You may wish to see an introduction to this section first.
As we gradually wound through the range of the Cragus, which
bounds Macry on the south, the country assumed
the forest character, and the view as we descended
to the bay was very rich. (..) The town, or rather the little port or scala, is inhabited principally by Greeks, and consists of about fifty
houses, or magazines, where much trade is carried on
in acorns, gall-nuts, and firewood. This is the site of
the ancient Telmessus, of which there are but few remains.
Charles Fellows - Journal Written during an Excursion in Asia Minor in 1838
View of the bay
Telmessos, Anastasiopolis, Makri, Fethiye are the four names given through the centuries to a well protected harbour in today's southern Turkey. By looking at the bay from the ancient acropolis it is easy to understand why the site was never abandoned. Although Telmessos did not have a natural harbour which fitted the seafaring needs of antiquity, yet the shape of the bay granted favourable sea conditions due to a group of islets which acted as breakwaters.
A number of caves,
partly built and partly cut in the rock, extend along
the coast, and appear to have been dungeons or guardrooms for a fortified town; many foundations and walls
remain, but it is difficult to trace the plans of the
Fethiye (today's Telmessos) is a booming holiday resort and in particular the starting point of weekly cruises along the Mediterranean coast of Turkey. Maybe it is with the objective of pleasing travellers that tourist guides say that the Crusaders or the Knights of Rhodes built a fortress on the ancient acropolis. In point of fact the fortifications go back to the Byzantine period and were a protection against Arab raids. They were strengthened by the Ottomans.
The chief objects of interest are the tombs, which
are of several kinds and dates, some appearing from the style to be of as late a period as the Romans;
those standing on the hills and near the town have
been much shaken by the earthquakes so frequently
felt here. The most beautiful specimens are those
cut out of the live rock which has been excavated,
leaving what in appearance are finely built temples. Fellows
Telmessos was renamed Anastasiopolis in the VIIIth century, most likely to celebrate the efforts made by Emperor Anastasius II to stop Arab raids. The name did not last and eventually the town became known as Makri. Apart from an Ottoman garrison in the fortress and a few other Ottoman representatives, its inhabitants were all Greek. In 1923 Greece and Turkey agreed on a vast exchange of population and almost all the inhabitants had to leave: some went to Nea Makri, a new village on the eastern coast of Attica, not far from Athens. The town was eventually named Fethiye after Fethi Bey, one of the first Turkish aviators.
Earthquakes and wars have destroyed most of the monuments of the past; the rock-cut tombs are an exception.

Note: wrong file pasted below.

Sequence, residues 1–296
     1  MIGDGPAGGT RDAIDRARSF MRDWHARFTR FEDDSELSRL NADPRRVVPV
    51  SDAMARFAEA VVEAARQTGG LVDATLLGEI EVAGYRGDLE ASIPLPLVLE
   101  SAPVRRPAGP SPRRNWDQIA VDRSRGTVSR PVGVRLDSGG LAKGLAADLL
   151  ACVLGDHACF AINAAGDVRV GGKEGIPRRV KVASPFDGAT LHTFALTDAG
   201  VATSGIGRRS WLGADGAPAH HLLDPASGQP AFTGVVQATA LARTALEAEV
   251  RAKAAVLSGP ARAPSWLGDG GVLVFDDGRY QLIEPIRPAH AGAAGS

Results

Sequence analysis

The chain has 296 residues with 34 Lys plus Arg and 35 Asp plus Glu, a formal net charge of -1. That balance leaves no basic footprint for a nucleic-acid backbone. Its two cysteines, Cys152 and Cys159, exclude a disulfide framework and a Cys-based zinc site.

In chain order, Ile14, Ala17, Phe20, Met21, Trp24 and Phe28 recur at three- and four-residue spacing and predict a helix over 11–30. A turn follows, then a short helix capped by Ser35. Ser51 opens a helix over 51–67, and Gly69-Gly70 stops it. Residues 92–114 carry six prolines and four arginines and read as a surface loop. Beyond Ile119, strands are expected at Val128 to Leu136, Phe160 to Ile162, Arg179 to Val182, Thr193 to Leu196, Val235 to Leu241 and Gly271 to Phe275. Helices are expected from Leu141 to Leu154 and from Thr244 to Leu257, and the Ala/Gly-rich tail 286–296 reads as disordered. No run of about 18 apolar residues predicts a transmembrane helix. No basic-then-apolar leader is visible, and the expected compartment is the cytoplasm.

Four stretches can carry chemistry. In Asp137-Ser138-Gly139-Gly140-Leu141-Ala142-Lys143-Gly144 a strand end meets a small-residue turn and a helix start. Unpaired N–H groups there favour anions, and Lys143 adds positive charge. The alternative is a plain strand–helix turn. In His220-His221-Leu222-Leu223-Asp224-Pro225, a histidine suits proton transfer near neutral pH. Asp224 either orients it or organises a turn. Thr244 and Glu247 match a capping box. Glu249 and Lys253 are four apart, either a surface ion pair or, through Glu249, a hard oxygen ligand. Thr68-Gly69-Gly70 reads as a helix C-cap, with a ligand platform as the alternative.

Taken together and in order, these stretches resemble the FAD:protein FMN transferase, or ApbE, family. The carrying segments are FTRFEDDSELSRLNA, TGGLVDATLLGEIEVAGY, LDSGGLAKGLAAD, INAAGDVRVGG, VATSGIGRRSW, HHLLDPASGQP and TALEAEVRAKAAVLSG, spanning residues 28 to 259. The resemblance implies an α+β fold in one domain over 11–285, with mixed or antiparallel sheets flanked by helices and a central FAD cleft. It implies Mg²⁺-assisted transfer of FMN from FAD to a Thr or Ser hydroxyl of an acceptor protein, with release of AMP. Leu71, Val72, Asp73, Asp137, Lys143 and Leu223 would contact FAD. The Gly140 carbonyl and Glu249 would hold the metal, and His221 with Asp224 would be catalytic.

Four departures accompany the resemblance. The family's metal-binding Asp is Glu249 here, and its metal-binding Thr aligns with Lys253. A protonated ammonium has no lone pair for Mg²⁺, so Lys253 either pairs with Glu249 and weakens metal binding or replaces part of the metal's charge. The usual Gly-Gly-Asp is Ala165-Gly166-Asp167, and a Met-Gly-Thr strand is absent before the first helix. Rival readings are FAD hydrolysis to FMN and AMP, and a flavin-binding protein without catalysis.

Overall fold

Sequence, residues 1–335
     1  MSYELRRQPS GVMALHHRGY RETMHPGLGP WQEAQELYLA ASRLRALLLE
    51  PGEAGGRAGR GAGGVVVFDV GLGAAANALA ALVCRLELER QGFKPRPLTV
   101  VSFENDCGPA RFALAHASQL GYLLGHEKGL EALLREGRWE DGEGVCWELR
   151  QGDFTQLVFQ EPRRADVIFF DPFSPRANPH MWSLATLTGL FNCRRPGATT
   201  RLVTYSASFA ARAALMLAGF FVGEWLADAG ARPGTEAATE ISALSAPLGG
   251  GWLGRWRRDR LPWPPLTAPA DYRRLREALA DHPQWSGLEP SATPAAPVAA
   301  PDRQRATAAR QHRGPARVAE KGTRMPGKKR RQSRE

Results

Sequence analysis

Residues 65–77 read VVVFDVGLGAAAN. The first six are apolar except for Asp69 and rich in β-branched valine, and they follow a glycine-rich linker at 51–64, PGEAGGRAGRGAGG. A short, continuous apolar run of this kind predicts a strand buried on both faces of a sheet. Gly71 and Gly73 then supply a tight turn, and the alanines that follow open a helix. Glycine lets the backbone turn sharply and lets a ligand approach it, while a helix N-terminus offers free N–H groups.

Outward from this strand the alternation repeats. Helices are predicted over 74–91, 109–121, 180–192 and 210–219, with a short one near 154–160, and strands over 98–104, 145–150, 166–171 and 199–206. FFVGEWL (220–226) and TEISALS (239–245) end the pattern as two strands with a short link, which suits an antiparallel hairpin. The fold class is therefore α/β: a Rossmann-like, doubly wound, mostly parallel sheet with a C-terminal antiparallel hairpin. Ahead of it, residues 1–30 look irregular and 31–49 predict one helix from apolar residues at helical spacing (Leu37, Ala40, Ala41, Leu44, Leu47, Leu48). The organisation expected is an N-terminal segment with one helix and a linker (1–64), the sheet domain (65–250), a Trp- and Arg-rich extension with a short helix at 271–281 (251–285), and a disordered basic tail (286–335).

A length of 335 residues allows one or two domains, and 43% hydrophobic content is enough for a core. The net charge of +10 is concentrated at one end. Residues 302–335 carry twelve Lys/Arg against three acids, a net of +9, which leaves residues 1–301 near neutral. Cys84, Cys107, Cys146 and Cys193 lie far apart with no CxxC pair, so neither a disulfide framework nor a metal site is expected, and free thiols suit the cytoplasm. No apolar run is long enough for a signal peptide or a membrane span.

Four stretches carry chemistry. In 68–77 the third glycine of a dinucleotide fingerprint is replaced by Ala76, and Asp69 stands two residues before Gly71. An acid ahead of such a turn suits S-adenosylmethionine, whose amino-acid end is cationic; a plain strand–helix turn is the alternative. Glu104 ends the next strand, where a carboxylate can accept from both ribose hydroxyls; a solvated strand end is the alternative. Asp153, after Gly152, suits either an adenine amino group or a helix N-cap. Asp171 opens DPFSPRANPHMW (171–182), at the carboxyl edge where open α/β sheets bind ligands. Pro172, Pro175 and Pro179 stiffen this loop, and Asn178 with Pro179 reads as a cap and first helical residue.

A singular consequence of this mode of building is
seen in a column broken at the base, but remaining
suspended by the capital. The tombs are in most cases
approached by steps, and the columns of the portico
stand out perhaps six feet from the entrance to the
cella ; the imitation of a door is carved in panels, with
ornaments and nails finely finished. The entrance has
originally been effected by sliding sideways a panel of
the false door; but this tedious process has not suited
the despoilers of these tombs, who have entered by
breaking open one of the panels. The interiors vary
but little; they are roughly worked, and are about
nine feet by twelve, and six feet in height; on the
three sides are the seats, or more probably benches,
upon which the coffin or urns have been placed, three
feet six inches in height. Some tombs are larger, affording accommodation for the mourners within them. Fellows
The more elaborate rock-cut tombs were designed in order to resemble a temple in antis: these small temples characterized Hellenistic architecture. Antae is a Latin architectural term describing the posts or pillars on either side of the entrance of a Greek temple - the slightly projecting piers which terminate the walls of the cell. When there are columns between antae, as in a porch facade, the columns (and therefore the temple) are said to be in antis.
The inhabitants of Lycia developed a unique kind of sarcophagus: their lids had a "Gothic" shape which archaeologists suggest may represent a capsized boat; they were not placed in a necropolis in an orderly manner; usually they were free-standing. During the Roman rule the "Gothic" lid was occasionally replaced by a gable-shaped lid.
The theatre, of extremely plain architecture,
is very large, and in tolerable preservation, with the
exception of the proscenium. Fellows
Early XIXth century travellers were impressed by the ruins of a Roman theatre which stood almost on the shoreline. Today it is strangled by busy roads and modern buildings.
Fethiye Museum exhibits: (left) a lion on the lid of a sarcophagus; (right) altars and a Byzantine pediment; the image used as background for this page shows a detail of another altar